Canada markets open in 8 hours 37 minutes
  • S&P/TSX

    19,228.03
    -0.87 (-0.00%)
     
  • S&P 500

    4,128.80
    +31.63 (+0.77%)
     
  • DOW

    33,800.60
    +297.00 (+0.89%)
     
  • CAD/USD

    0.7961
    -0.0022 (-0.28%)
     
  • CRUDE OIL

    59.34
    +0.02 (+0.03%)
     
  • BTC-CAD

    75,720.56
    -626.74 (-0.82%)
     
  • CMC Crypto 200

    1,291.07
    +63.53 (+5.18%)
     
  • GOLD FUTURES

    1,738.30
    -6.50 (-0.37%)
     
  • RUSSELL 2000

    2,243.47
    +0.87 (+0.04%)
     
  • 10-Yr Bond

    1.6660
    0.0000 (0.00%)
     
  • NASDAQ futures

    13,790.25
    -39.25 (-0.28%)
     
  • VOLATILITY

    16.69
    -0.26 (-1.53%)
     
  • FTSE

    6,915.75
    -26.47 (-0.38%)
     
  • NIKKEI 225

    29,606.34
    -161.72 (-0.54%)
     
  • CAD/EUR

    0.6694
    -0.0010 (-0.15%)
     

New Zealand police charge man over online threat to Christchurch mosques

Elle Hunt in Wellington
·3 min read
<span>Photograph: Kai Schwörer/Getty</span>
Photograph: Kai Schwörer/Getty

A man has been charged over a threat made online to the Linwood Islamic centre and the Al Noor mosque, the sites of the two Christchurch shootings in 2019.

The man, 27, who has not been named, is due to appear in Christchurch district court on Friday, charged with threatening to kill.

Police were alerted to “concerning communications” made on the 4chan message board earlier this week by a member of the public through the Crimestoppers line, they said. Two men were arrested on Thursday but one was later released without charge.

At a briefing on Thursday night, Canterbury district commander, Supt John Price, said police executed two search warrants that afternoon in Linwood and St Albans. The armed offenders squad assisted as a precautionary measure.

Newshub reported that armed police raided two homes after an alleged threat involving a terror attack with car bombs on the second anniversary of the mosque shootings, later this month.

Price said he could not comment on the nature or content of the threat as it was before the courts but said it was “credible enough that we took action straight away”. Police visited and searched both mosques and alerted the Muslim community shortly after learning of the posts.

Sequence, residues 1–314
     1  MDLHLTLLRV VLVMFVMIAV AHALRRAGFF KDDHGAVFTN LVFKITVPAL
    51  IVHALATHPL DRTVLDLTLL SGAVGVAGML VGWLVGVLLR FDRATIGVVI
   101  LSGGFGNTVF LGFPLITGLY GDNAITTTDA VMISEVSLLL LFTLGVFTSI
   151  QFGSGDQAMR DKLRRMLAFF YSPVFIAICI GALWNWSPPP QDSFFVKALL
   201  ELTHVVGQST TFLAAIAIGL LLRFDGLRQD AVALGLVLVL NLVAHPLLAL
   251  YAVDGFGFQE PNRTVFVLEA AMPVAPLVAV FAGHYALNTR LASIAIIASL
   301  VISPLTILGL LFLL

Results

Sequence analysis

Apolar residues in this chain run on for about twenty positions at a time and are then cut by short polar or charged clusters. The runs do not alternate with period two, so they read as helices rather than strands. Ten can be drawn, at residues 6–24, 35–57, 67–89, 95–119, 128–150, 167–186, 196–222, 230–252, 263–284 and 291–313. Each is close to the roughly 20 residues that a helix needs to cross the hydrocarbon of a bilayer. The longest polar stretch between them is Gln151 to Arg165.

“We take these matters extremely seriously and we are also working very closely with our Muslim community,” said Price. “Any threat made on our community and our people is a threat on our society and will not be tolerated.

“Any messages of hate, or people wanting to cause harm in our community, will be held to account.”

Price said no one else was being sought in relation to the alleged threat but that police would be on alert and more visible during the mosque attack memorial. He said he wanted to reassure New Zealand’s Muslim community that they could have trust and confidence in the police.

In a statement, the Islamic Women’s Council of New Zealand thanked the member of the public for coming forward and the police for taking quick action.

“There can be no tolerance for direct threats to people or buildings, whether these are made online or offline. We ask the public to be vigilant in reporting any such threats to authorities.

“We pray that the Muslim community in New Zealand stays safe. We know this will be a difficult time for them even without such words containing direct hostility.”

On 15 March 2019 a lone gunman shot and killed 51 worshippers at the two inner-city Christchurch mosques. In August last year, the gunman was sentenced to life in prison without parole for his crimes, which were motivated by white supremacist ideology.

Prior to the attack the gunman had posted multiple references to his plan online, was able to legally obtain a gun licence, and carried out reconnaissance missions to both mosques.

A royal commission into the shootings found that New Zealand’s security agencies had been almost exclusively focused on the threat from Islamist terrorism, and the police had failed to enforce proper checks on firearm licences. The royal commission said that despite the shortcomings, there were no failings within government agencies that would have alerted them to the imminent attack by the white supremacist.